Spring arrives this week, and if you haven’t already started planning and prepping your garden and outdoor living spaces, now is a great time. At InsideQ we love gardening and outdoor spaces as much as you do. That’s why we’re here to help you create your own little patch of paradise with décor, tools, and tips from gardening expert Barbara King.  

A Lifelong Love of Flowers

Barbara is a third-generation florist. Her grandfather had a wholesale flower shop in New York City; her father owned and operated Valley Forge Flowers boutique in Bridgeport, Pennsylvania; and now there’s a fourth generation in the business—her two boys. “It’s pretty wonderful when a family can work together, and absolutely awesome for a mom to be able to work with her children every day. When work is so connected with your life it doesn’t really feel like work, it feels like living!”


Guided by her creative vision, Valley Forge Flowers is now home to 35,000 square feet overflowing with flowers; garden and home accessories; numerous design services; and cafés where customers can come to have a coffee and enjoy the nature-inspired décor.


So what does Barbara love about gardening at home? “We have a farm that’s our getaway and vacation spot that’s an hour from home. Having my vegetable garden, herb garden, and apple and pears trees, I feel like Susie Homemaker at the farm in our little log cabin. I can cook with all the stuff, make floral arrangements, and it’s pretty gratifying and doesn’t take a whole lot of work.”

In the Garden

To help you achieve a beautiful garden, Barbara provided these answers to frequently asked questions.


What are this season’s gardening trends?

  • Smaller garden spaces.
  • Succulents (they’re really hot right now).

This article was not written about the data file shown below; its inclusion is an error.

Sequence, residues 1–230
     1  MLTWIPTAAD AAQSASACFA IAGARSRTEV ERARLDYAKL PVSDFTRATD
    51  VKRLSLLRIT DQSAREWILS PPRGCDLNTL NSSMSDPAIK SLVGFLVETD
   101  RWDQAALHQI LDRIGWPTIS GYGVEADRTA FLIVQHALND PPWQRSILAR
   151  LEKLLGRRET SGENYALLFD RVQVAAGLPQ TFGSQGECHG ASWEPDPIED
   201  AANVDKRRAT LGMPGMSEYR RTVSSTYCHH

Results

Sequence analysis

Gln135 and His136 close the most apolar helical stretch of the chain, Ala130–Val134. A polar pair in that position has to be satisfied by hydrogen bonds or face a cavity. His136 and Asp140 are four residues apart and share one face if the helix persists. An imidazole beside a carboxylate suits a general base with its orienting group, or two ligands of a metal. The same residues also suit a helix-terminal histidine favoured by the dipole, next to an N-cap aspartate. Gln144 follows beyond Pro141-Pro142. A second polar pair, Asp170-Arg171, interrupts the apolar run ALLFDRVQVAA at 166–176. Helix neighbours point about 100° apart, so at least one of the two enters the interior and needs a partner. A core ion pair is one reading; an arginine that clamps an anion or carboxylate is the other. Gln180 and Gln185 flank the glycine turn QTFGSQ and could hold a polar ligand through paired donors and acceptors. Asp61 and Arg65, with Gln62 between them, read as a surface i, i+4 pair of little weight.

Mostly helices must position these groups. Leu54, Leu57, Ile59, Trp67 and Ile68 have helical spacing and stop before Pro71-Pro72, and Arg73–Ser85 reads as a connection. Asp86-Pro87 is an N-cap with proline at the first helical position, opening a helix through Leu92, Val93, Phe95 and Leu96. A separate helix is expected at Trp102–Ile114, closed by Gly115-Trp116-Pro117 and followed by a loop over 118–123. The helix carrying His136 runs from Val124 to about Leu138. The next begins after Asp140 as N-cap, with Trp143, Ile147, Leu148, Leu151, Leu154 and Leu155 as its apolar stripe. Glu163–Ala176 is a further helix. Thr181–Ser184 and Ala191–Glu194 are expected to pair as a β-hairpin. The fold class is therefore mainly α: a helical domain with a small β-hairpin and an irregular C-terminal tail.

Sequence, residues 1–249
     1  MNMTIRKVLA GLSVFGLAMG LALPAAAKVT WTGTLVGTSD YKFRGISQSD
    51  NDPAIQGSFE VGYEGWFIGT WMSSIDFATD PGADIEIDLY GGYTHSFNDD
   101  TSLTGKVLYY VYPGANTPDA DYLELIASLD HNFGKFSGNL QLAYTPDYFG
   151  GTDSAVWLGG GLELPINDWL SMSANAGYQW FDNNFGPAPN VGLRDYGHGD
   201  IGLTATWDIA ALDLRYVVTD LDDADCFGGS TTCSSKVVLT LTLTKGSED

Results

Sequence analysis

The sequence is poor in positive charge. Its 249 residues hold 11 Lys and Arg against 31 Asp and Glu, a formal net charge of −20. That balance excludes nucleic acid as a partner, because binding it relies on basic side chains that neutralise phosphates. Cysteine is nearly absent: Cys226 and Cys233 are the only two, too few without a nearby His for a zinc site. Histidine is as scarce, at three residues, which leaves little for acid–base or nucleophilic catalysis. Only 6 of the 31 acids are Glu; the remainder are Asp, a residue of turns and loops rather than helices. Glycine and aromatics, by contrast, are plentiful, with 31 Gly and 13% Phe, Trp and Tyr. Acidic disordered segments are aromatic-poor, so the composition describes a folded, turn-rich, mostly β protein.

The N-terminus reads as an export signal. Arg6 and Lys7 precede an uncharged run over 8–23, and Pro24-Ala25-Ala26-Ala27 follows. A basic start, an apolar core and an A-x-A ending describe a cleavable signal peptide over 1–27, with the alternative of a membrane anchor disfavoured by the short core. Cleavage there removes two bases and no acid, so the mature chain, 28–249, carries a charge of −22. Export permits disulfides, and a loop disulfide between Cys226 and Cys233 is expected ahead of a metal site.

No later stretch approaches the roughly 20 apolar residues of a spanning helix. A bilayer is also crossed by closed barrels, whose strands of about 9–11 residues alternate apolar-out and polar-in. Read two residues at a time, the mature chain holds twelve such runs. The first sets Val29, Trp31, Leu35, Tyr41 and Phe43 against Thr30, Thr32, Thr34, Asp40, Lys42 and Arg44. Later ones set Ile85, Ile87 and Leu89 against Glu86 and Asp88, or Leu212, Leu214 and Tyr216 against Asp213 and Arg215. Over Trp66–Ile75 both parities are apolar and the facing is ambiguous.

• Water features and sculptures.
  • Outdoor living spaces.
  • Garden attire. Something you can wear while working in the garden that’s sporty enough to go shopping in.
  • She-sheds. Make your shed your own little sanctuary (put curtains in the windows, add window boxes, and plant little gardens around the outside).  

What is an annual, biennial, and perennial?

  • Perennials will last for more than two years.
  • Annuals complete their life cycle within a year and die.
  • Biennials take two years to complete a life cycle. After a period of dormancy in the colder months, the plant will “bolt” and flower in the next spring or summer.

What is deadheading?

  • The removal of spent flowers either by pinching with fingers, using scissors, or pruners. This keeps your plants from going to seed, and it’s also a time to meditate and “stop and smell the roses.”

When and how do I water my garden and potted plants?

  • In warm weather, mornings are the ideal time to water outdoor plants.
  • For potted plants, dry surface soil is an obvious signal to water. Focus on the root base of each plant, not the foliage.

Gardening Guru

Barbara King takes you inside Valley Forge Flowers.